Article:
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PREFACE. Agesilaus, king of Sparta, when asked what things boys should learn, replied, “Those which they will practise when they become men.” As health requires the observance of the laws inherent to the different organs of the human system, so not only boys, but girls, should acquire a knowledge of the laws of their organization. If sound morality depends upon the inculcation of correct principles in youth, equally so does a sound... more...

Preface Medicine, as the art of preserving and restoring health, is the rightful office of the great army of earnest and qualified American physicians. But their utmost sincerity and science are hampered by trying restrictions with three great classes of people: those on whom the family physician cannot call every day; those on whom he cannot call in time; and those on whom he cannot call at all. To lessen these restrictions, thus assisting and... more...

I.—CRIMES Forensic medicine is also called Medical Jurisprudence or Legal Medicine, and includes all questions which bring medical matters into relation with the law. It deals, therefore, with (1) crimes and (2) civil injuries. 1. A crime is the voluntary act of a person of sound mind harmful to others and also unjust. No act is a crime unless it is plainly forbidden by law. To constitute a crime, two circumstances are necessary to be... more...

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CHAPTER I In Which Most of Us Plead Guilty to the Charge of "Nerves." NERVOUS FOLK Who's Who Whenever the subject of "nerves" is mentioned most people begin trying to prove an alibi. The man who is nervous and knows that he is nervous, realizes that he needs help, but the man who has as yet felt no lack of stability in himself is quite likely to be impatient with that whole class of people who are liable to nervous breakdown. It is therefore... more...

PREFACE. All diseases originate in the exuberance, deficiency, or retrograde action, of the faculties of the sensorium, as their proximate cause; and consist in the disordered motions of the fibres of the body, as the proximate effect of the exertions of those disordered faculties. The sensorium possesses four distinct powers, or faculties, which are occasionally exerted, and produce all the motions of the fibrous parts of the body; these are... more...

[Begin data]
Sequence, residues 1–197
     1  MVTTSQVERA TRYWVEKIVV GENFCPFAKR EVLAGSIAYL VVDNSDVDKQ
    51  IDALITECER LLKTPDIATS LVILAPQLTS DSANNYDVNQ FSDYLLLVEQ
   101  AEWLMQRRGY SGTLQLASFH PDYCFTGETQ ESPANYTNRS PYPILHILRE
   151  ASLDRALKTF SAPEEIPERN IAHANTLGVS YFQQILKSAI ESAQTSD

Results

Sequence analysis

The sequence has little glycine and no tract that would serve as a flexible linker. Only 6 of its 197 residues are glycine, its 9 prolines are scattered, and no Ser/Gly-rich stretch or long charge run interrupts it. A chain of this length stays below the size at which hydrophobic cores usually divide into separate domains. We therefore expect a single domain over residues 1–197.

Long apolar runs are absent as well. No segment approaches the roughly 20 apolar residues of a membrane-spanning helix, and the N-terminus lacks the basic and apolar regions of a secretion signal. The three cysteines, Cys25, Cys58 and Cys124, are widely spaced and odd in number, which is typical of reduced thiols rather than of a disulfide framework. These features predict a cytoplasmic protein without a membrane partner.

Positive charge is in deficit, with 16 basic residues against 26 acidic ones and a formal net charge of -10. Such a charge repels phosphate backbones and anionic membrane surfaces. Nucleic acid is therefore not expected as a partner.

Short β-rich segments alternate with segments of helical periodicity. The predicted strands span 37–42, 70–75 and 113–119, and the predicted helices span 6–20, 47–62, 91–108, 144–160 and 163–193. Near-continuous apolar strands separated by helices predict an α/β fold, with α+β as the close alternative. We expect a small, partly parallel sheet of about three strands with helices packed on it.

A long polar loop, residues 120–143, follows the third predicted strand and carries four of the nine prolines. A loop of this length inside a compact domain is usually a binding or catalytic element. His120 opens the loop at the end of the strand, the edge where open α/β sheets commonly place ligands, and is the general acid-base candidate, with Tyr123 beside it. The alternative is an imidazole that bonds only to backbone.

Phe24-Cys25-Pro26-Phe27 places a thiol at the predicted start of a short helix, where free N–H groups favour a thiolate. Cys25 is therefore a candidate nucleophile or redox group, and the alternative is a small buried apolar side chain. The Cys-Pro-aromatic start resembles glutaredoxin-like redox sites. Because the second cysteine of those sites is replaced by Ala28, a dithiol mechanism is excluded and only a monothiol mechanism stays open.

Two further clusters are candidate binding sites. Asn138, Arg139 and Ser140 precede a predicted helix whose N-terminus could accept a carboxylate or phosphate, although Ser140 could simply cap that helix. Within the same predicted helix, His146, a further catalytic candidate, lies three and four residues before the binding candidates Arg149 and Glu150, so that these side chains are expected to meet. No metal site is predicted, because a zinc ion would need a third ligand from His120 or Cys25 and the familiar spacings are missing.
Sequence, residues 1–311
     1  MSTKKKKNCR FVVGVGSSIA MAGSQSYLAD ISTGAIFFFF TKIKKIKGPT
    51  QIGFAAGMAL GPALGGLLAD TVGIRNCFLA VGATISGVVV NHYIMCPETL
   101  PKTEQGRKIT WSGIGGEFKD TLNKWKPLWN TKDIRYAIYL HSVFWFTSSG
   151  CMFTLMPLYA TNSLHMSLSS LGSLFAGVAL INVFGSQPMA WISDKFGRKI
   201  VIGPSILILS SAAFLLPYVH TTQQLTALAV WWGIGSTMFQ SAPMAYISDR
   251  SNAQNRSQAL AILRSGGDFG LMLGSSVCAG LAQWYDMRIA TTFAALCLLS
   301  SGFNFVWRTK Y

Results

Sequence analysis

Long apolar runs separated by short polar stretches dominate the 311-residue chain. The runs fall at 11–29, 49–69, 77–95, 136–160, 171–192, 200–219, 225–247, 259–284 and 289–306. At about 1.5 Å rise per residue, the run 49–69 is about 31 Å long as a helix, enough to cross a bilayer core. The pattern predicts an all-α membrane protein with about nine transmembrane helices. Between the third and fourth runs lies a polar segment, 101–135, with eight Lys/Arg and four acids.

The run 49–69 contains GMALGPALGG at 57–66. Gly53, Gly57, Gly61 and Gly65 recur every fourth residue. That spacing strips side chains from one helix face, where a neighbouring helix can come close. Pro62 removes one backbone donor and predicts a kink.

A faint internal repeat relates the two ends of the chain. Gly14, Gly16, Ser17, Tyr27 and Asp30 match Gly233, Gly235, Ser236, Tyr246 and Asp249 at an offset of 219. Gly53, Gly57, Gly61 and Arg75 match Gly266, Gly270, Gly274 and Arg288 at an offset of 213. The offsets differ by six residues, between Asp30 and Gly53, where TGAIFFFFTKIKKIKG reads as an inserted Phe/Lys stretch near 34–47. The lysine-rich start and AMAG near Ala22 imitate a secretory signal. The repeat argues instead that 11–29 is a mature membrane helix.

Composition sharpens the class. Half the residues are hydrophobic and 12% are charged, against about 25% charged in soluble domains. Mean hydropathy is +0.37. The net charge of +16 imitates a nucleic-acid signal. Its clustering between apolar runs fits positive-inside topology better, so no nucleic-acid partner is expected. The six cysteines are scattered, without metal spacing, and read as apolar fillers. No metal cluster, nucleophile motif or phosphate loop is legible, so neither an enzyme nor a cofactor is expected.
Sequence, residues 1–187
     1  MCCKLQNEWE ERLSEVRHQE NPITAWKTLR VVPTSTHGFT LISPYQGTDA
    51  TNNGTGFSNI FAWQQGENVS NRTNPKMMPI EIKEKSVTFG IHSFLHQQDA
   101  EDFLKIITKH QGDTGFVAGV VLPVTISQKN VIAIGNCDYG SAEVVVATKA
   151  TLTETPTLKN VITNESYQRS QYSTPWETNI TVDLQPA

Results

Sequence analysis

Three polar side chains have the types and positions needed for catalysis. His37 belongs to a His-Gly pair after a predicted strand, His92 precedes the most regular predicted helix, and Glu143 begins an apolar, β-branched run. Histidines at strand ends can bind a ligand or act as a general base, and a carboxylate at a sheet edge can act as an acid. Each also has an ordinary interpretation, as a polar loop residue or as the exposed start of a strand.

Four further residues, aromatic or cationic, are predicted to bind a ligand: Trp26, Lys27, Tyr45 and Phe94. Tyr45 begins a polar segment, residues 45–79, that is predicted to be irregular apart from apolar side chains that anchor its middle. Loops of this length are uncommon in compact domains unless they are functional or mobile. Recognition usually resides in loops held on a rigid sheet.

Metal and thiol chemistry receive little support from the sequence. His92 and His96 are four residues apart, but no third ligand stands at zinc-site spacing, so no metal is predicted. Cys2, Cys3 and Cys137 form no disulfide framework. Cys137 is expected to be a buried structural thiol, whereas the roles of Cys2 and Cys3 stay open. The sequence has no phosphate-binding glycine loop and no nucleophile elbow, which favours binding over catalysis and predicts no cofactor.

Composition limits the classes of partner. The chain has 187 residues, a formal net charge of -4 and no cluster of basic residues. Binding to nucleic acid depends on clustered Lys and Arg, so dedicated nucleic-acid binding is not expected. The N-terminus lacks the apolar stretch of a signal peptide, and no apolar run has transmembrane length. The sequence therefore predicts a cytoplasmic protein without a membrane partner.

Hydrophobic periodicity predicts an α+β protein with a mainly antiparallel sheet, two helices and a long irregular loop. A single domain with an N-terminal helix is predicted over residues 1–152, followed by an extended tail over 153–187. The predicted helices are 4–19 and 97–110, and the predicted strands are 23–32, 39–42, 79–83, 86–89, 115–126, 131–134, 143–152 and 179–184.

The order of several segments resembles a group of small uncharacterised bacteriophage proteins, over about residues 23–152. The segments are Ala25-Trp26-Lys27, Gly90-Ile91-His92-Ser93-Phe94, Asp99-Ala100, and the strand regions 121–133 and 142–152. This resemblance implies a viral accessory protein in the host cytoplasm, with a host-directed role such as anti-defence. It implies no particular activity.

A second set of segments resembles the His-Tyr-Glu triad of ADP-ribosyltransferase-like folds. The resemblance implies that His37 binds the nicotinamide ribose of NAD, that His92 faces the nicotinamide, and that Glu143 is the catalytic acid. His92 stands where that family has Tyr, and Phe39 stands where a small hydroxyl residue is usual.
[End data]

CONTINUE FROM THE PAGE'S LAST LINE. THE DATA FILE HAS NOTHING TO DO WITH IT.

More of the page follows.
SECT. I. OF MOTION. The whole of nature may be supposed to consist of two essences or substances; one of which may be termed spirit, and the other matter. The former of these possesses the power to commence or produce motion, and the latter to receive and communicate it. So that motion, considered as a cause, immediately precedes every effect; and, considered as an effect, it immediately succeeds every cause. The MOTIONS OF MATTER may be... more...

THE UNTROUBLED MIND Canst thou not minister to a mind diseas’d,Pluck from the memory a rooted sorrow,Raze out the written troubles of the brain,And with some sweet oblivious antidoteCleanse the stuff’d bosom of that perilous stuffWhich weighs upon the heart? Macbeth. When a man tells me he never worries, I am inclined to think that he is either deceiving himself or trying to deceive me. The great roots of worry are conscience,... more...

THE RENEWAL OF LIFE Every human being must sooner or later know the facts concerning the origin of his life on the earth. One of the most puzzling questions is how and when such information should be given to the young. There is nothing the parent more desires than that his child should have a high ideal in regard to the sex-life and that he should live in accordance with that ideal, yet nowhere is careful and systematic education so lacking as... more...